Thursday, December 13, 2012

question & answer on prenatal day

Hi Tara, 
Can you explain a little more why you do not deliver walk-ins. I'm asking in order to once again learn. My instinct, as someone who has no idea what it takes to do the work you are doing, would be to take her in. You have such a hard job and I continue to pray for you, your family and those you serve. Thank you for doing what you are doing.


T & T Livesay said...

Thanks for asking!
Sure, I can explain ... There are a lot of reasons, and because saying "no" to walk-ins is hard and quite uncomfortable I hope I don't sound defensive when I explain some of the reasons.

The core of our program is education and relationship building. The women come every week for class. During the education time and the weekly meals - relationship is built. If they miss three times over the course of the pregnancy they lose their spot in the program. (The wait list is long and the spots are hard to get.) Without an attendance policy like that people would miss a lot and we wouldn't be able to provide the same program and quality care because they'd miss out on too much of the important education piece (and their vitamins and iron) just coming to class here and there. If we started to take walk-ins there would be no incentive to those that take the time to faithfully come every Thursday for class and prenatal care.

Even when we choose to drive a woman that shows up as a walk-in to the hospital we are setting ourselves up to become a ambulance service. Word of mouth is a powerful way of communication in Haiti. One woman tells a few women and all of a sudden there are walk-ins coming because word of mouth says that there is a service that can provide rides to a hospital. Delivering a walk-in would also be news that would spread like wild fire and we'd very quickly have babies being born day and night.

We're small (Beth, Tara, Wini are the only three here full time all the time and then Melissa is here about 75%+ of the time.) Besides labor and deliveries we have three days of classes we do at the Maternity Center. If we did walk-ins we couldn't do those classes and we'd never sleep or see our families. (We will grow our staff as our program grows but we're not to that place yet, still raising funds at this point.)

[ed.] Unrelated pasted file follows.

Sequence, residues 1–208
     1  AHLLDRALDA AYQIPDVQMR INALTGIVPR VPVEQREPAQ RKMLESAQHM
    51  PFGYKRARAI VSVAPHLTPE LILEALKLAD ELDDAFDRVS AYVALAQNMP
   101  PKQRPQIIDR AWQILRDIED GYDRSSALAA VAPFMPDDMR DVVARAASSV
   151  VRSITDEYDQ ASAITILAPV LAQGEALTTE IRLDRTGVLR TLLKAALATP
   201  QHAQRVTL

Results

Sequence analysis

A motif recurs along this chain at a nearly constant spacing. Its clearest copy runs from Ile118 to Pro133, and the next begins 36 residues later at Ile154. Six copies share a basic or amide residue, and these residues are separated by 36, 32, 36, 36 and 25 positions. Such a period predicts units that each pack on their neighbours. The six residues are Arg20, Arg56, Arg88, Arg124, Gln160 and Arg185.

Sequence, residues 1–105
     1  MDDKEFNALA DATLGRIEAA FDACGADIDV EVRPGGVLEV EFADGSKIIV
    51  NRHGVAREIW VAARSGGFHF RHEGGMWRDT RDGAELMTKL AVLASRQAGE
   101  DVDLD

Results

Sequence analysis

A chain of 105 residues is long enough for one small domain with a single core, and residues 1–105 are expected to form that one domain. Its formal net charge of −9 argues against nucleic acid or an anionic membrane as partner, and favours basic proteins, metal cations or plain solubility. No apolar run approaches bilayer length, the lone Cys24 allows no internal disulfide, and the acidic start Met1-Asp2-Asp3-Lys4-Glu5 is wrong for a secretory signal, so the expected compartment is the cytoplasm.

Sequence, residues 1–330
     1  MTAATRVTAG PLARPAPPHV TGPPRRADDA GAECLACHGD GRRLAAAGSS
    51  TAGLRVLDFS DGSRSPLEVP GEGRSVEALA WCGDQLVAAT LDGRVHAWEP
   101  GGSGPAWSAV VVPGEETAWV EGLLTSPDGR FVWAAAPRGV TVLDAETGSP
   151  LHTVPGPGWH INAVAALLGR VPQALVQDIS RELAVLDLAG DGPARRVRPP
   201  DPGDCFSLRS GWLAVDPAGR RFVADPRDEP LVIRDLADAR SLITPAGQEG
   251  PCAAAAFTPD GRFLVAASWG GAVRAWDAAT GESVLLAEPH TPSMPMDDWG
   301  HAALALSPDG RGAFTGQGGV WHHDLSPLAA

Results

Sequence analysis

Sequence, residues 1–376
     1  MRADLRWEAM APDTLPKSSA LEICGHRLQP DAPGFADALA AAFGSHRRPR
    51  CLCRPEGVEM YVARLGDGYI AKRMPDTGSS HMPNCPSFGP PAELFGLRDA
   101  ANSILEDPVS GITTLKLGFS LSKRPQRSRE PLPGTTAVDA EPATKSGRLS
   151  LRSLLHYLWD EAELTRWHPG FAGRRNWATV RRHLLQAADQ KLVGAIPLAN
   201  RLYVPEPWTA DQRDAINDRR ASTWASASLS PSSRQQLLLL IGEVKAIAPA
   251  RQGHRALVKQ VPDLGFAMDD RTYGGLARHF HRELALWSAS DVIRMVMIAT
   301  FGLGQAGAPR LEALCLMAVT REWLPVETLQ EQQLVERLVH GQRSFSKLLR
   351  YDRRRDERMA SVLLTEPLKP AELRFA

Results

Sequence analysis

There are government hospitals and other non-government hospitals (that I admit are sometimes terrible) doing walk-in deliveries. They provide that option. It is not loving, warm, or respectful care  - but in truth it would be hard for us to provide that kind of care with a high volume of women too -- our model works because we know the forty-five women so well and we've had time to build two-way trust. When they walk in with contractions at week 38+ we know their names, their story, their fears, risks, etc.

With seeing the women every week we are more certain of their health, their prenatal care is better, we can be more aware of the risks in each individual pregnancy. When we enter into labor and delivery time we understand a lot more about what the possible risks are. (Reducing our liability and reducing our likelihood of losing a mom and/or a baby). If we delivered walk-ins we would lose all of that.

Liability (if someone dies - which has not happened to us in three years but honestly - statistically - it will happen) is somewhat of a concern. When you know someone (and vice versa) for 7+ months before delivery and know about their health risks it cuts Heartline's liability down quite a bit.

Thanks so much for your prayers -- we think our statistics are good for exactly that reason and we covet your continued prayers. 
With love and gratitude,
tara & the whole Heartline team

*Please feel free to ask questions, we'll answer and post the answers as time allows.